With a frenzy of executive orders coming out of the Biden White House, it’s tough to keep track of every policy change that’s happening. Maybe that’s by design, because Biden’s recent rollback of expanded apprenticeship programs serves no one but big business and big government. Efforts in Congress double down on this rollback and continue to stifle the opportunities that come from apprenticeships.
In several industries across the country, the demand for skilled, so-called “blue collar” jobs is so great that there are more job openings than workers available to fill them. Apprenticeships can play an important role in filling these job openings. Unfortunately, unions have had far too much power over this process for the past several decades, narrowing or ending the ability of trades to recruit new employees without jumping through their hurdles. The Trump administration worked to level the playing field by removing some of these barriers, and to help offer young Americans a viable addition to or alternative to a traditional, four-year higher education pathway.
The Trump administration started the National Council for the American Worker and widely promoted the “Pledge to America’s Workers.” The pledge, ultimately signed by 430 companies, was to create 16 million new education and on-the-job learning opportunities for employees at the companies that signed.
The Trump administration also relied on its Task Force on Apprenticeship Expansion. The task force recommended the administration create the Industry Recognized Apprenticeship Program (IRAP) to complement the existing apprenticeship environment. IRAPs are smart public-private-partnerships. They ensure needed apprenticeship programs are not only available, but that they work and make sense with the existing policy environment.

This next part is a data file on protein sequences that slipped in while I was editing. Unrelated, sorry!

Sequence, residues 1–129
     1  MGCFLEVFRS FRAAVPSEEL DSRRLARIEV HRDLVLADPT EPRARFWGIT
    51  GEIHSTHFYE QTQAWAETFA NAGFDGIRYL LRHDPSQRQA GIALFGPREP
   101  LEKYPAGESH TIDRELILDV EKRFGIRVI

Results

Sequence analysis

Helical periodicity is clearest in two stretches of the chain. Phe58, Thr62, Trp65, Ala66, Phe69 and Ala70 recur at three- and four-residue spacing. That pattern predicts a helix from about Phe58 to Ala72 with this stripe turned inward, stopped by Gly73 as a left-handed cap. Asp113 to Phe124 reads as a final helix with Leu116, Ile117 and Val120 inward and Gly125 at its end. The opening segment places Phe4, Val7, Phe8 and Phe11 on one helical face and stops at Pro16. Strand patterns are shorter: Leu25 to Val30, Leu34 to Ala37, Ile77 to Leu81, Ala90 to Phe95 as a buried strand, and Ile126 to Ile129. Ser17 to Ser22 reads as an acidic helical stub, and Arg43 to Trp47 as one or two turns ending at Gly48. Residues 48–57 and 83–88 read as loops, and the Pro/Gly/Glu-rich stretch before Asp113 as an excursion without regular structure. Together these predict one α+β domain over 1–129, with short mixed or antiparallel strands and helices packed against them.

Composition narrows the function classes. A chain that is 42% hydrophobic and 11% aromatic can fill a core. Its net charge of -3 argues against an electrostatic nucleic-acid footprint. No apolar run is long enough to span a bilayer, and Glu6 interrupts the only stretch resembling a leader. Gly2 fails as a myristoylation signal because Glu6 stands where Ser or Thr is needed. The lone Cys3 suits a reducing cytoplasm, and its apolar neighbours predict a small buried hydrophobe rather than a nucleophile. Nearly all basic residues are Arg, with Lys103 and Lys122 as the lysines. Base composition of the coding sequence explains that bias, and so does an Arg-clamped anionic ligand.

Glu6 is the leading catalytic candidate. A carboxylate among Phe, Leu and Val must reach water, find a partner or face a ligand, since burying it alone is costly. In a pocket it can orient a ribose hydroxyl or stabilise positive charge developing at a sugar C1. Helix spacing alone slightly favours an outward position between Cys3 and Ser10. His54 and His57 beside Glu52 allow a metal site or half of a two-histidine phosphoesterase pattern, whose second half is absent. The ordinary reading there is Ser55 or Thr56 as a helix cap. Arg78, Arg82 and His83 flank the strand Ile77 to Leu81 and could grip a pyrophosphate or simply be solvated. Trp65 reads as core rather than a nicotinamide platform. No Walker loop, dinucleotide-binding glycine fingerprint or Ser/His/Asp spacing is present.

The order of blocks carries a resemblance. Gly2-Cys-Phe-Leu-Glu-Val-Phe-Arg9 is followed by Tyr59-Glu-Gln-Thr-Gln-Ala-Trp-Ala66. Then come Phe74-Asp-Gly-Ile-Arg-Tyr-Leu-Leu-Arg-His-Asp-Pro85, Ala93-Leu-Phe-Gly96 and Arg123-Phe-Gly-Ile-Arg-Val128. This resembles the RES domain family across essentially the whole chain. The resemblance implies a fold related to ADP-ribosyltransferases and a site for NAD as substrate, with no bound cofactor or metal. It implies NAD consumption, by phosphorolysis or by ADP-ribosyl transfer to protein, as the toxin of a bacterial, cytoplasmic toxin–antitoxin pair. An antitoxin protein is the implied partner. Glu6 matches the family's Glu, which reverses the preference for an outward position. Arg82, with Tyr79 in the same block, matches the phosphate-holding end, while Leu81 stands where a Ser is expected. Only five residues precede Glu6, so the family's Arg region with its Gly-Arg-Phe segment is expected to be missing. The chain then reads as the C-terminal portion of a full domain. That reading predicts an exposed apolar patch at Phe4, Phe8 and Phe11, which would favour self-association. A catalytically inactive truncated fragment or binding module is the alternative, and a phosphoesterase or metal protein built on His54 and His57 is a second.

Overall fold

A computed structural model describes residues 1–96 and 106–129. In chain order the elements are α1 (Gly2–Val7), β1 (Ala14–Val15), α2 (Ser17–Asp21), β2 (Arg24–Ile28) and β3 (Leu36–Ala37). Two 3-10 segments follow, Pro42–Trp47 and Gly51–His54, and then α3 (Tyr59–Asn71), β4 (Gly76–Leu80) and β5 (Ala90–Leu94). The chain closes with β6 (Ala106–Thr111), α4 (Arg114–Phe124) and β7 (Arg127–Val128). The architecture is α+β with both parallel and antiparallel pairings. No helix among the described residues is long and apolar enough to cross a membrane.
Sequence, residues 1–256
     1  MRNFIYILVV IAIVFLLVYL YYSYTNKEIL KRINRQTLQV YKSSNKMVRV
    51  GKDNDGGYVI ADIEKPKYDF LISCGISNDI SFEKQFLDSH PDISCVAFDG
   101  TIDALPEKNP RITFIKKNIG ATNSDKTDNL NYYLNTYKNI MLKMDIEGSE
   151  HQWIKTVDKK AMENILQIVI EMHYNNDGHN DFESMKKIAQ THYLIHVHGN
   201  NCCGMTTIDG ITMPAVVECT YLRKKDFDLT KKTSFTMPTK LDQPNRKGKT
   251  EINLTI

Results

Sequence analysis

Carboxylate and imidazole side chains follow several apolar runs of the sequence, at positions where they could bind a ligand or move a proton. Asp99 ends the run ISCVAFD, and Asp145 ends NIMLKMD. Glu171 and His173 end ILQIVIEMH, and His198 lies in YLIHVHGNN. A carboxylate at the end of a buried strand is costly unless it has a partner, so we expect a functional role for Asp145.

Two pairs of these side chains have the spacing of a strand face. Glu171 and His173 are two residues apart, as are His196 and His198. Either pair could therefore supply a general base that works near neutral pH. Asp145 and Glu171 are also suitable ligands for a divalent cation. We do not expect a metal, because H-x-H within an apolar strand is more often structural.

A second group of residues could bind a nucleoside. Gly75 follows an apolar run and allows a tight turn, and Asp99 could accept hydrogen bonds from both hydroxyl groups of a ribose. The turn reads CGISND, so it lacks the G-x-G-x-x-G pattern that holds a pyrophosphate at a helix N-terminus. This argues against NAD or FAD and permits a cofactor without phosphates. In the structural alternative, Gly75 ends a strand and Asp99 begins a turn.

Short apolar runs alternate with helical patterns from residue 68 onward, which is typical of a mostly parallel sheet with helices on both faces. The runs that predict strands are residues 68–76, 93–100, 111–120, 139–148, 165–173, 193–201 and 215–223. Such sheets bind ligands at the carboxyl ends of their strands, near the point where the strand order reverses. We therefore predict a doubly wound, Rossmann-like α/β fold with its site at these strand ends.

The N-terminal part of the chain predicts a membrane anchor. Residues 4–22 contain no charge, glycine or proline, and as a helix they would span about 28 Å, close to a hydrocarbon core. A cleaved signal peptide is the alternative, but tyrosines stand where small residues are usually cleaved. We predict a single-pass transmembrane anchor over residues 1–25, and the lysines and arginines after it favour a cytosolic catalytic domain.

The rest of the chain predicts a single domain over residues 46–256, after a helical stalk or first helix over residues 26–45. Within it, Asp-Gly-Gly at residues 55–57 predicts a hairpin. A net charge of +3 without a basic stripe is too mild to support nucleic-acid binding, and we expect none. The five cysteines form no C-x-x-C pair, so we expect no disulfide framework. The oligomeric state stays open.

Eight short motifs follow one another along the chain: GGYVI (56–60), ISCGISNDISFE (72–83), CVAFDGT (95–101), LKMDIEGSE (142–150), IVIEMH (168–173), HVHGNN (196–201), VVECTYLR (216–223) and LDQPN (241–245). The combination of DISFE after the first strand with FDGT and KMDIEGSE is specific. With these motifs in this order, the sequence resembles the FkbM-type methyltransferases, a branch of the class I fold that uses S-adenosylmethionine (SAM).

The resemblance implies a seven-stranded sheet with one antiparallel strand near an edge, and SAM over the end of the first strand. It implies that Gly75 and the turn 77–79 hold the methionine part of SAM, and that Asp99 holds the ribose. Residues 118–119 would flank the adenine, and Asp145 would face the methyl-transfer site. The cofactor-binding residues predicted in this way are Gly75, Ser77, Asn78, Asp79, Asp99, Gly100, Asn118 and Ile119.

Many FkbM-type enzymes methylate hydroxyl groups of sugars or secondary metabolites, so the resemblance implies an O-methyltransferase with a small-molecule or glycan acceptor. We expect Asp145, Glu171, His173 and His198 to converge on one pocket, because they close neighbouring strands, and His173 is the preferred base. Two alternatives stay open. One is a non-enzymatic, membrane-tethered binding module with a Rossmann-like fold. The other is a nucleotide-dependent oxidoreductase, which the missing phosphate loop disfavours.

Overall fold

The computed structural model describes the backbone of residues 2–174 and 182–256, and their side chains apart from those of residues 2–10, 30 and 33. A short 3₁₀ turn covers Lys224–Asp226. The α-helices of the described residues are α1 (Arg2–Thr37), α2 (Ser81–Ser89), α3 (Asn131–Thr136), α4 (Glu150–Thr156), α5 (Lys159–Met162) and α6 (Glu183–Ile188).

Perhaps the most significant step the Trump Administration took was signing an executive order to expand apprenticeship programs in America. This order set the tone for every policy decision or executive effort associated with apprenticeship programs. The order’s purpose was to respond to the rapidly rising cost of higher education, and the stark reality of student debt in America. The cost of attending a four-year college or university has increased by nearly 500 percent since 1985. Finding an alternative path to success is even more lucrative when one considers the fact that 45.3 million Americans have student loan debt averaged at roughly $37,700 per person.
President Trump’s action on apprenticeships just further highlighted what many have known all along: Not every American needs to go to a four-year university to pursue the American Dream and find a well-paying job. It’s controversial, but true.
Fast forward to 2021 and we’re seeing a dramatically different situation. After a year of blue state lockdowns closing more than 140,000 small businesses across the country, further bullied blue collar workers by rolling back these valuable apprenticeship programs.
New efforts from the Biden administration and House Democrats want to destroy one of the most crucial requirements of apprenticeships: its flexibility. H.R. 447 intends to double down on these attacks.
The bill would remove the ability of employers to identify the skills their workers need and would instead force them to conform their workforce development efforts to a predetermined mold designed by the federal government. In addition, the bill includes dangerous language, which could require new apprenticeship programs to partner with existing labor unions to gain approval.
Apprenticeships require tailoring. A successful workforce development program exists when employers and job seekers are able to respond to the particular and individual needs or skills that an industry and an employer require. These are the men and women who know what should be in or not in a given program. Government bureaucrats in Washington, D.C. can’t possibly have the right information, and union leaders don’t speak for everyone.
This bill and Biden’s rollback are just another example of his war on America’s working class. This one-size-fits-all approach to cripple Main Street America—drummed up on some Zoom call in Washington, D.C.—by Democrats, unions, and entrenched bureaucrats. What’s worse is that this change makes apprenticeships strict and rigid when they are typically hallmarked by just the opposite: variation and uniqueness. Instead, Washington should let Main Street and everyday Americans decide for themselves how they want to navigate the workforce.